1. Nature does not "endorse" what I wrote. The journal is always clear that the views are those of its authors, not official views of the journal (even if they did edit a few grammatical errors into the final version at the last minute!).

2. I was very careful in my wording of humans having "gone" in few million years, and included uncertainty in the sentence. I did not say "extinct", which is how the above contributors have interpreted my comment. Yes, complete human lineage extinction is a possibility. However, species also evolve into other entities, which then become known by other species names, and this could be "our" fate. My guess is that any such species that exists, in say 10 million years, will not be anything like as abundant or industrialised as the current Homo sapiens. Naturally, I could be entirely wrong.

3. The substance of the last paragraph of my review is to emphasise that humans are not capable of wiping out all forms of life on Earth, and if (I suspect when) we become extinct (or far less abundant), new life forms will subsequently emerge. "Optimistic" .... obviously I was expressing the view of a highly sentient squid that hopes that its descendants will inherit the Earth and subsequently colonise the universe!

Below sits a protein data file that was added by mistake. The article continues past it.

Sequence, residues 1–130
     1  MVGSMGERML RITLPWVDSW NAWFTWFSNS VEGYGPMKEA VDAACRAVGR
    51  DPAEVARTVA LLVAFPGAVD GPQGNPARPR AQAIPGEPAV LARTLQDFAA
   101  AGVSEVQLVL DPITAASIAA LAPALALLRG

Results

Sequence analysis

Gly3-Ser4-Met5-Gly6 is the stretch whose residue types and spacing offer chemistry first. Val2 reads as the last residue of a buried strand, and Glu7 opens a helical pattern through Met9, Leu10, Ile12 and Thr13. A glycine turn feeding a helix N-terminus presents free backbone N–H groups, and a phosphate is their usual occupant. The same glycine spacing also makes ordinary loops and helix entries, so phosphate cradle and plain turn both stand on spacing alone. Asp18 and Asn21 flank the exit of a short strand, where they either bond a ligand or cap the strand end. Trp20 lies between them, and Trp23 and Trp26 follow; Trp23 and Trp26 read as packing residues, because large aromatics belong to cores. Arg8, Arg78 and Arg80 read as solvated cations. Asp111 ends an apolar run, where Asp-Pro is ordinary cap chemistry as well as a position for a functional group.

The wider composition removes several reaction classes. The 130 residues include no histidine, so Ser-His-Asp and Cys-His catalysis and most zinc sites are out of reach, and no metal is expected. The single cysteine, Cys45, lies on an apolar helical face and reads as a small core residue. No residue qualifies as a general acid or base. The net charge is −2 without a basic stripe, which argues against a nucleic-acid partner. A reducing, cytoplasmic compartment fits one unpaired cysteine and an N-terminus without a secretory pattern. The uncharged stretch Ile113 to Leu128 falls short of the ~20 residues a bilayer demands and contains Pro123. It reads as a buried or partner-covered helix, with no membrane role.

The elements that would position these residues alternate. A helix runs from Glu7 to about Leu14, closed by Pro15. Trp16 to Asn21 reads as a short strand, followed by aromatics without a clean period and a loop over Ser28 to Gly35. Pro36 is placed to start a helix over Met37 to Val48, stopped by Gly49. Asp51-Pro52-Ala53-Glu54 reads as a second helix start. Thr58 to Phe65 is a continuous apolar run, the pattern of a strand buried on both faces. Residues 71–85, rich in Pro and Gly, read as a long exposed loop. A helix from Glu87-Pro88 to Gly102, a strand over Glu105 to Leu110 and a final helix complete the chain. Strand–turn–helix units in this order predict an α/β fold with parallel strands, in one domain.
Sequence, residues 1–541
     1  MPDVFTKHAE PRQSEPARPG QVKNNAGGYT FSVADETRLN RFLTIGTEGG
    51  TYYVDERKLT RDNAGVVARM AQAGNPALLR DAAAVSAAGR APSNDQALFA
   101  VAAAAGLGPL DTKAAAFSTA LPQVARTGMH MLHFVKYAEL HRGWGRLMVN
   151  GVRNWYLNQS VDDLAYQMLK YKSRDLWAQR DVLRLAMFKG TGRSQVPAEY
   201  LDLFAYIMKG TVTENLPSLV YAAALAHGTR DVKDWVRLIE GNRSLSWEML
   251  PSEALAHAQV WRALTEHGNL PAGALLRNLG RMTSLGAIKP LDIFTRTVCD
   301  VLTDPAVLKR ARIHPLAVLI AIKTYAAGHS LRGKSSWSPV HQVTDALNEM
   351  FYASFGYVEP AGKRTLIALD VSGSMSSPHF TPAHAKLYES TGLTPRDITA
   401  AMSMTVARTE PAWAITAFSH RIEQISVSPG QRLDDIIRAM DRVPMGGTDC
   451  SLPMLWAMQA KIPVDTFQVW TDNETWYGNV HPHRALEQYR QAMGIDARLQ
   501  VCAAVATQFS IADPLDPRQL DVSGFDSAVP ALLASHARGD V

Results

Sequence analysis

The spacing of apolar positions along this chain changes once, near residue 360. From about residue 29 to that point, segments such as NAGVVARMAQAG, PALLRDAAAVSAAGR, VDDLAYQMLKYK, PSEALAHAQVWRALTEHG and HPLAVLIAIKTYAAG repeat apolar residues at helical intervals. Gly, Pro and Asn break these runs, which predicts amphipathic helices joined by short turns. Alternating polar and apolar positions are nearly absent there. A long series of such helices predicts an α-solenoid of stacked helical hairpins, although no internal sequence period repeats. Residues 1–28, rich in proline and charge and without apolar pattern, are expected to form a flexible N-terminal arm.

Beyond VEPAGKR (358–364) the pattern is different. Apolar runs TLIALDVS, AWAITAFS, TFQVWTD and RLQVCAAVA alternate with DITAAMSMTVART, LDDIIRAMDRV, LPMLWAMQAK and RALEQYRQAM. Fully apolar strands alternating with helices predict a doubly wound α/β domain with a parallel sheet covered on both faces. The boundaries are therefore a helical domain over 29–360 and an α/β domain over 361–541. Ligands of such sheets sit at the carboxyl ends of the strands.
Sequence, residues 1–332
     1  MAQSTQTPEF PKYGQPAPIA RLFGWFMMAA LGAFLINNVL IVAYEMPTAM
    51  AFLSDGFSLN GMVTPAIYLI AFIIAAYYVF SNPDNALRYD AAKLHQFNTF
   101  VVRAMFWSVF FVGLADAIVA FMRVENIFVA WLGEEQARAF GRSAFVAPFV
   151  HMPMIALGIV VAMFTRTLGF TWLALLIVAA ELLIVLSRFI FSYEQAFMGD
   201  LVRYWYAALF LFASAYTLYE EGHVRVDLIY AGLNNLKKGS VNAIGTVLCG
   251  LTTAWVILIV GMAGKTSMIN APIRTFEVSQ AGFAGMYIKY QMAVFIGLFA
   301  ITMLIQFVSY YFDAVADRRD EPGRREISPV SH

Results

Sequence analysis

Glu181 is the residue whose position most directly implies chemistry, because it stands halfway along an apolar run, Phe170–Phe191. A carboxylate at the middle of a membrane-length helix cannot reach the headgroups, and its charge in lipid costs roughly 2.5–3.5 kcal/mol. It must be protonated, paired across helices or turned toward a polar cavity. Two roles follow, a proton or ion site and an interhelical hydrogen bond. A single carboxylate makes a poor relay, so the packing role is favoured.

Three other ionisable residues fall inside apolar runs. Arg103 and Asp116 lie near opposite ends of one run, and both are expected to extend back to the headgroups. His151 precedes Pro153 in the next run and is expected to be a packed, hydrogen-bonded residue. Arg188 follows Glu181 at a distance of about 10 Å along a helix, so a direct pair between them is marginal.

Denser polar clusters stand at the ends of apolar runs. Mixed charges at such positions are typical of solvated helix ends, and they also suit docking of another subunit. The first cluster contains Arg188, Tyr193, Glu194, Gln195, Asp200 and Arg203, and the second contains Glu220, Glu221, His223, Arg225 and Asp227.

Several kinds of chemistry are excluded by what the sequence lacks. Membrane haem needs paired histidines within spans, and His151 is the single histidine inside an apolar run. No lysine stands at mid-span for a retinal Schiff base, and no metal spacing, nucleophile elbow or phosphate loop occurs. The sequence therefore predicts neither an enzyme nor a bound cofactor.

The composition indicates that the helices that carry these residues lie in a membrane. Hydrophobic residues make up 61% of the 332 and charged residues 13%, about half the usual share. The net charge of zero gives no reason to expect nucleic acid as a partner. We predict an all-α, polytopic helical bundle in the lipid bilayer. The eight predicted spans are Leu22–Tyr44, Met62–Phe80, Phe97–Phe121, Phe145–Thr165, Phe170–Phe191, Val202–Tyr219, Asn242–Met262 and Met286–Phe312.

Expand full comment

Julian, your eloquent description of our place in nature deserves reposting in its entirety:>You say you're being scientific, but you're anthropomorphizing the hell out of "nature". None of those animals, plants, etc matters at all in and of themselves. They are the chance products of a chance process, and the fact of their existence is mere luck. No part of nature makes an ethical distinction between the status quo and the scorched Earth that would result from a nearby gamma-ray burst. It's all just atoms and fields, going about their business.

So, when you overlay an ethical function that assigns desirability to outcomes (that they don't have in themselves), you are implicitly adding a desirer. Action implies actor. Since the only creatures who can think abstractly at the moment are ourselves, you're introducing a human desirer. But oops - the scenario you propose deletes humans. So it deletes desirability. Doing ethical algebra with human-less outcomes is like doing division with zero. It's nonsensical by definition.

What you are doing is projecting your enjoyment of a wilderness (seen from afar, I might add, and not as a participant) onto a situation with total wilderness. You're forgetting to include the observer in the experiment; consequently you are not noticing that a wilderness without an observer is meaningless.<